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On Friday afternoon, the name Marilyn Mosby began trending on Facebook, just below stories about the upcoming sequel to the 50 Shades of Gray movie and the Southern California man who punched a bear in the face. She might be trending right now.
Mosby is Baltimore‘s state’s attorney and is the woman responsible for filing homicide charges against the six Baltimore Police Department officers allegedly responsible for the death of 25-year-old Freddie Gray last month. Gray’s death sparked nationwide protests along with a destructive riot in Gray’s hometown of Baltimore after his funeral on Monday.
When announced the charges on the steps of the War Memorial in downtown Baltimore, cheers erupted from the assembled crowd. As news of the decision spread over social and traditional media, people across the city took to the streets in celebration. The fanfare spread online, where Mosby quickly became her own meme—an icon of unprecedented governmental badassery.
Hope and changeFor much of Baltimore’s African-American community, the decision to prosecute the officers involved in Gray’s death was a welcome shock—especially in light of decisions by grand juries in Missouri and New York not to file charges against the police officers involved in the deaths of Michael Brown and Eric Garner, respectively.
When Mosby was asked by a reporter at Friday’s press confrence about what sort of actions will stop more people like Gray from being killed by police, Mosby’s answer was simple: accountability. The reporter followed up by asserting that such accountability hasn’t always occurred, either in Baltimore or around the country. “You’re getting it now,” Mosby responded.
The contrast to Bob McCulloch, the Missouri prosecutor tasked with securing an indictment for Darren Wilson for the shooting death of Michael Brown, was striking. In presenting the Ferguson grand jury’s decision not to indict, McCulloch appeared to many observers more like Wilson’s defense attorney than a government prosecutor.
Marilyn Mosby is not Bob McCulloch.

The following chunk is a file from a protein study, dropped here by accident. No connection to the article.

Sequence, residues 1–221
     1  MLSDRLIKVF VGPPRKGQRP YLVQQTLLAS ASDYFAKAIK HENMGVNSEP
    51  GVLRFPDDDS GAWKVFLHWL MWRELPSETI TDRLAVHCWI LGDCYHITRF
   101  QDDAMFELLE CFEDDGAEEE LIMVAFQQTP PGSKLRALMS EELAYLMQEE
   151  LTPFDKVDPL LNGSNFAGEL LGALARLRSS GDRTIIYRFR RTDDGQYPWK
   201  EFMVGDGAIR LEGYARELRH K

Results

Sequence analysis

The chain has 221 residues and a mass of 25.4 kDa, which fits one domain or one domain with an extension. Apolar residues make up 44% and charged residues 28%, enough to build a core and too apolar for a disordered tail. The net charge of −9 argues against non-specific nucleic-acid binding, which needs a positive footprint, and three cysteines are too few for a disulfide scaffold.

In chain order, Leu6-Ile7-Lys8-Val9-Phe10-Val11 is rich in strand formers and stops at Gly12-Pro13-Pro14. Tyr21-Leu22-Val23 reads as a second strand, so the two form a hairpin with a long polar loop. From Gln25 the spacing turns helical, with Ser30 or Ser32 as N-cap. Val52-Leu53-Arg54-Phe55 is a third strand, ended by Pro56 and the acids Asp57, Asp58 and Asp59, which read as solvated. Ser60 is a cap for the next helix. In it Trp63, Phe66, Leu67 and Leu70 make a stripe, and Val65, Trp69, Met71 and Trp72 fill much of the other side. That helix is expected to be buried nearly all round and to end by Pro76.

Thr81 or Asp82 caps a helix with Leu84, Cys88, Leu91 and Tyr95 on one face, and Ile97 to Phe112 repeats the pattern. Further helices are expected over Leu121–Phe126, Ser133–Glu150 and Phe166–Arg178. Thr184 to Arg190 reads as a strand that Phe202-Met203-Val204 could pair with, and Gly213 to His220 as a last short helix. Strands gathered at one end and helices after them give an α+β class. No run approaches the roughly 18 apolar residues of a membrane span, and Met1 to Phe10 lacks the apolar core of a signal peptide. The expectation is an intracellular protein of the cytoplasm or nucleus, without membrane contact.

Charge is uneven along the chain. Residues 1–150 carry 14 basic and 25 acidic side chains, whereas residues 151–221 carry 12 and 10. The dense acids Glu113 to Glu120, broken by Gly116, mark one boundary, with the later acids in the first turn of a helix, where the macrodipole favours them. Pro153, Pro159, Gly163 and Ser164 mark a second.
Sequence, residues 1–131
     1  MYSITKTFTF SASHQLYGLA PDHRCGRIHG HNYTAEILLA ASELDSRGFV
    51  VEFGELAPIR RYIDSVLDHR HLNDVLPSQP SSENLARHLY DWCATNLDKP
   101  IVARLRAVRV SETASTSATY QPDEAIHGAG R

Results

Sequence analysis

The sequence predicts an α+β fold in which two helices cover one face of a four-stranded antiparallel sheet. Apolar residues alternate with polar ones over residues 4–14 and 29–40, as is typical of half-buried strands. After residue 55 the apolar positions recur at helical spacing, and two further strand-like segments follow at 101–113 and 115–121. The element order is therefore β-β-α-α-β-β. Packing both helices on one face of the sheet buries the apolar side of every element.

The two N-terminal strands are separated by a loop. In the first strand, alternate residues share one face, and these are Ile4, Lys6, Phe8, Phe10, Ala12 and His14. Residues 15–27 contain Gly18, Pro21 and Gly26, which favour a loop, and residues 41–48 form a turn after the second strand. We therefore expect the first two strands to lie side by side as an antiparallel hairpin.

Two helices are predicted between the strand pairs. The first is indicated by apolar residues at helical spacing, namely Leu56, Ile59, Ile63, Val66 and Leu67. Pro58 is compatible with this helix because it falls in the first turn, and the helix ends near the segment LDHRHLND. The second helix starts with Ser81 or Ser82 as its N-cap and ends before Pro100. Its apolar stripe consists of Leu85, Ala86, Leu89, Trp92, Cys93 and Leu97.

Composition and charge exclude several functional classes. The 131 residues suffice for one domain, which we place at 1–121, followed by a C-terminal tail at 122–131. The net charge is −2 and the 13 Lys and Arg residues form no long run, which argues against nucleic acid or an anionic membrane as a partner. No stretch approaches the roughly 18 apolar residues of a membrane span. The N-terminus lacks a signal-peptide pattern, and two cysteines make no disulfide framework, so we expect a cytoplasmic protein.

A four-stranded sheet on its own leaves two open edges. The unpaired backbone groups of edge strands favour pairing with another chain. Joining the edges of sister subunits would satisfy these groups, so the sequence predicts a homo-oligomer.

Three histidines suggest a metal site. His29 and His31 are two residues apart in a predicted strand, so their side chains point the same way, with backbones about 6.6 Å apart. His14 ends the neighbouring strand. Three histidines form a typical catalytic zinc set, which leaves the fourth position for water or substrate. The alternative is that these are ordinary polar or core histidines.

Young and tough
Mosby grew up in Boston, raised by a single mother. She attended Tuskegee University in Alabama and then Boston College Law School. After graduating, she worked as Maryland’s assistant state’s attorney.
“It’s been 78 days since Michael Brown was shot in the street by a police officer,” she said during a speech at her undergraduate alma matter last fall. “It’s been 101 days since Eric Garner was choked to death in New York by a police officer, and 54 days since the New York City medical examiner ruled that incident a homicide. Neither has resulted in an indictment.”
Elected to the position earlier this year, NBC News notes that the 35-year-old Mosby is the youngest top prosecutor of any major city in the United States. She campaigned on getting tough on both repeat offenders and police misconduct.
After being elected, she said that prosecutors in Baltimore had the “toughest job in America.”
Blue blood, green friendships
Both of Mosby’s parents were police officers. She told Baltimore Magazine last year that her familiarity with law enforcement has given her an appreciation of the difficulties of police work while also highlighting the importance of rooting out those who abuse their power. “I know that the majority of police officers are really hard-working officers who are risking their lives day in and day out, but those really bad ones who go rogue do a disservice to the officers who are risking their lives and taking time away from their families,” Mosby said. “You have to apply justice fairly and equally, with or without a badge, and that’s what I intend to do.”
Mosby’s husband, Nick, is a member of the Baltimore City Council, whose public profile has also been elevated considerably by the past week’s events. Councilman Mosby stormed out of a contentious interview with Leland Vittert of Fox News when the reporter repeatedly asked Mosby about moral implications of the looting that accompanied Monday’s protest while brushing off the elected official’s assertions that the underlying social and economic conditions affecting Baltimore’s lower income residents were far more worthy of consideration.
Conflicts and conflicting interests
Marilyn Mosby’s role in prosecuting the Gray case has not been without controversy. A police group has called for Mosby to recuse herself and appoint a special prosecutor due to her personal relationship with the Gray’s family attorney, William Murphy, as well her husband’s place on the city council. The Baltimore Sun reports that Murphy donated $5,000 to Mosby’s election campaign and served on her transition team.
“It is clear that your husband’s political future will be directly impacted, for better or worse, by the outcome of your investigation,” an open letter from the Fraternal Order of Police, Lodge 3, states. “In order to avoid any appearance of impropriety or a violation of the Professional Rules of Professional Responsibility, I ask that you appoint a Special Prosecutor to determine whether or not any charges should be filed.”
Mosby insisted to the Sun that she doesn’t suffer from any conflicts of interests on the case, and she noted that the group donated in support of her opponent during the election campaign.
Screengrab via Lord Rothschild/YouTube
Aaron Sankin is a former Senior Staff Writer at the Daily Dot who covered the intersection of politics, technology, online privacy, Twitter bots, and the role of dank memes in popular culture. He lives in Seattle, Washington. He joined the Center for Investigative Reporting in 2016.